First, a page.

The Good (4 out of 5)
The characters included in Banjo-Kazookie are wonderful to interact with and play, adding an element of humor that is entertaining and fun, that never stops being fun through the entire game.
The massive world to explore and play in has a free-wheeling feeling to it, you can choose the path you take, and you're not stuck on one path during game play.
The Bad (4 out of 5)
Banjo-Kazookie is much less of an action game then the earlier titles, most of your time will be spent building new vehicles, which isn't a terrible thing, but if you're coming looking for action and combat adventure, then you better go back home.
The graphical picture (4 out of 5)
A bright, fun, and eye-engaging color scheme and palette will get players attention right away as it engages your visual sense in a dance of pain and pleasure.
The frame rate is exceptional, which was amazing for a game with so much physics-based game play, the game stayed steady and clear pretty much through the whole experience.
The visual presentation is excellent for a cartoon world designed to be more visually stunning then real, the environmental objects had pretty nice textures and details that are friendly on the eyes, despite their brightness.
Sounds in the game (4 out of 5)
The music score is excellent and has a nice pace and beat that keeps the energy up while your building, driving, or whatever players are doing.
Same tried and true sound effects that made players laugh and play in earlier titles; goofy noises, a chuckling beat, squawking bird, and no voice overs to listen too.
The story line (3 out of 5)
The story line is pretty basic and seems to serve more as a tie in to the previous games and to attempt to make Banjo-kazookie make a little sense, not that it matters. Players start in Hub World, now called Showdown Town, with a fat and lazy pair of characters, Banjo and Kazookie, who have lost their game ending powers and stamina. The Lord of Games makes an appearance with a new way to play the game of old; with a different game play focus combined the same basic game design. Players will clash with him in a series of challenges that set has set up in Hub World and other worlds. Players collect jiggles, musical notes, and complete challenges as you explore the various environments in the battle with the creator of all video games, The Lord of Games.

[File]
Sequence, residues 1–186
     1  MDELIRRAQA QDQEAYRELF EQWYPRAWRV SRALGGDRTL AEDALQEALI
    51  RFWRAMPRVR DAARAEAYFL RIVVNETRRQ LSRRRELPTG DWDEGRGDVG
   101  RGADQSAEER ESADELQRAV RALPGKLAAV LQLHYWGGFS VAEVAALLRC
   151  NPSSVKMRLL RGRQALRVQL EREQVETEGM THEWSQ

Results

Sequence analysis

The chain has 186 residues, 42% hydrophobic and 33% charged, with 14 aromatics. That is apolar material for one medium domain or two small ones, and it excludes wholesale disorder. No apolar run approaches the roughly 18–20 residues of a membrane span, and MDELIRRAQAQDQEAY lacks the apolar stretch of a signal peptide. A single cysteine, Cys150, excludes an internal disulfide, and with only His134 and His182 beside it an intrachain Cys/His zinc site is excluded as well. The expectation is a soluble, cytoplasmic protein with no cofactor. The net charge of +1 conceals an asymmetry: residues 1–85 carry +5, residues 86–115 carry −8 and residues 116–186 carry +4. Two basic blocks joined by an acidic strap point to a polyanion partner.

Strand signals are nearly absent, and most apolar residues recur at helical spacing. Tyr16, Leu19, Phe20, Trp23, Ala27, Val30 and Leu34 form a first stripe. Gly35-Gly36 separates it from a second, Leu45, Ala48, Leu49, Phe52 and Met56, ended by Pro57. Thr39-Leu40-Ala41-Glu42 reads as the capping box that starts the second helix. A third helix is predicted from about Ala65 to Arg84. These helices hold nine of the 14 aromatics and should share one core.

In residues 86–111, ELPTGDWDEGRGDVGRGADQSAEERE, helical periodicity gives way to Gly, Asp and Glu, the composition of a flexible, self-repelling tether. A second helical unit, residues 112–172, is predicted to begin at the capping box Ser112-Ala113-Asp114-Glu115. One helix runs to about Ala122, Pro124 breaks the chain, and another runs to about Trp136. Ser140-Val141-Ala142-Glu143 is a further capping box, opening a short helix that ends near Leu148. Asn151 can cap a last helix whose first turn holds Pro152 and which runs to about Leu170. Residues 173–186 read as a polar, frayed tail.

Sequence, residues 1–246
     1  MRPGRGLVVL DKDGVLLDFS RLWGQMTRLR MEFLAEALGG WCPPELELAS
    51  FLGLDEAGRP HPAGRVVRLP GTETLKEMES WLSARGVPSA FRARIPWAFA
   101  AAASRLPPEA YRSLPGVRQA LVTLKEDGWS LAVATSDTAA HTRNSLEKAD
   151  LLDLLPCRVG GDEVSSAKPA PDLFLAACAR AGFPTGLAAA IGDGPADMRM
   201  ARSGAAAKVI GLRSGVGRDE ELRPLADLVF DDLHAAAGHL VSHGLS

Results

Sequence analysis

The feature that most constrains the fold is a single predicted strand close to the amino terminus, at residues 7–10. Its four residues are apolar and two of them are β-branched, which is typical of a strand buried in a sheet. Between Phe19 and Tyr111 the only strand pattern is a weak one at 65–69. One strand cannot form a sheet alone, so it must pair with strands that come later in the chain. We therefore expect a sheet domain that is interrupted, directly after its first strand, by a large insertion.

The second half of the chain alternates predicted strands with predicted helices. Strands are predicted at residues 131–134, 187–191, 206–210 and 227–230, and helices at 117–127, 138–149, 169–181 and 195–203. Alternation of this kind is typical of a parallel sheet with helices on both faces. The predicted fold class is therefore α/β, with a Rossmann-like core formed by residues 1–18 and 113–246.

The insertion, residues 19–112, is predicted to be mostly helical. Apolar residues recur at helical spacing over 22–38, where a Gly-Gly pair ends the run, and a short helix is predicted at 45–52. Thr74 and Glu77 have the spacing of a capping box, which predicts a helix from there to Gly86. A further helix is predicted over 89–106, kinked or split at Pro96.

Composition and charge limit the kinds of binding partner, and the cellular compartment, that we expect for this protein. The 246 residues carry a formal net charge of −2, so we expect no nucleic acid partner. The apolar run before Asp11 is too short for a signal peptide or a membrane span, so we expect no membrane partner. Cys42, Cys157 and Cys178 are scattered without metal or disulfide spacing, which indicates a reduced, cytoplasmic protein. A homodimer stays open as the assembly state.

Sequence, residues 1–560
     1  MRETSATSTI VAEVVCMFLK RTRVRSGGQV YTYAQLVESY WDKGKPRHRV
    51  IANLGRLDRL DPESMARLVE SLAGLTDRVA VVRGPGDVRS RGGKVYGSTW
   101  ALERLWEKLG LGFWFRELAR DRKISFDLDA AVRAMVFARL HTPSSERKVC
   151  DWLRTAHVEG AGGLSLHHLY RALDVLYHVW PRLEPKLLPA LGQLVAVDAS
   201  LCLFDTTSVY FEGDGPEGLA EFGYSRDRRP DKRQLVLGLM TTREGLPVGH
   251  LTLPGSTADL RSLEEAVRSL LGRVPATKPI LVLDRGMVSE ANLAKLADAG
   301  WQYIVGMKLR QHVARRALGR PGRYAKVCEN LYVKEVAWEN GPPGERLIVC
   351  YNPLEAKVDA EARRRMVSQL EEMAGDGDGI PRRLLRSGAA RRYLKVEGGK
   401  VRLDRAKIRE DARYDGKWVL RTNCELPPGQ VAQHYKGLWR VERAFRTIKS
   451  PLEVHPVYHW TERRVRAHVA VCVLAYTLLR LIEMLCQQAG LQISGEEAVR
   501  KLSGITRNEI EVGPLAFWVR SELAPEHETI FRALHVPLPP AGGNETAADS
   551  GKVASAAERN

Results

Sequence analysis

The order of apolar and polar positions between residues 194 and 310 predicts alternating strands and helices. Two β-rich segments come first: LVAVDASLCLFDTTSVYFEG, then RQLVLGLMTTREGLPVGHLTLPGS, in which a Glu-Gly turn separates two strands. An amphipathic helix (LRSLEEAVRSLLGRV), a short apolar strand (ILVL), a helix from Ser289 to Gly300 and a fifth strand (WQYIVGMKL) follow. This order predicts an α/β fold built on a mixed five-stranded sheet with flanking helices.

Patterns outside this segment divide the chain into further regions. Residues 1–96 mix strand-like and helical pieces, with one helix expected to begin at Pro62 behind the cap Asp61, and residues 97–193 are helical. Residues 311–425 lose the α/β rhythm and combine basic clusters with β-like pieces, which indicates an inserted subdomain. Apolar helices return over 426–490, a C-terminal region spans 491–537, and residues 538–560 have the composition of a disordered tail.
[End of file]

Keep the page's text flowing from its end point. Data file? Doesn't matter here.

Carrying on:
Playability (4 out of 5)
The depth of design provides an amazing variety of things to do in these worlds; it's not a linear story line, so players have freedom to make choices that decide the game play.
Great amount of playability in the car creation game play is the best part, players are be able to spend many an hour just creating different combinations using LEGO type car parts, plus a few to keep them all together. The hundreds of different types of parts allows for outstanding variety for fun, engaging and entertaining game play.
Players have to learn a whole new physics system to create the best vehicles and play in these worlds because they don't quite work the same here. Two engines will make the car go faster; two springs mean you will bounce higher, playing with the different choices to find the best is part of the fun.
Rare has provided a lot of useful tutorials, partially designed cars, and even unlockable blueprints for players to use, which adds wonderfully to the fun. There's still a pretty good learning curve despite this, it can be challenging and isn't really pick up and play easy.
The bottom line (4 out of 5)
Banjo-Kazookie Nuts and Bolts is the best game in the trio of games in the franchise, with great depth of game play, outstanding presentation and visual scoop, and extreme playability. Fans of the series shouldn't be disappointed with the refreshing changes in the traditional plat-forming look and feel of the first titles, not with the additions to the entertainment value.
This post is part of the series: Banjo Kazooie Guide
- Banjo-Kazooie: Nuts and Bolts Xbox 360 Review
- Rumor: Another Banjo-Kazooie Title Hitting Our Xbox 360 Consoles! Banjo Fourie?
- Banjo-Kazooie Nuts & Bolts Review: LittleBigVehicleCreator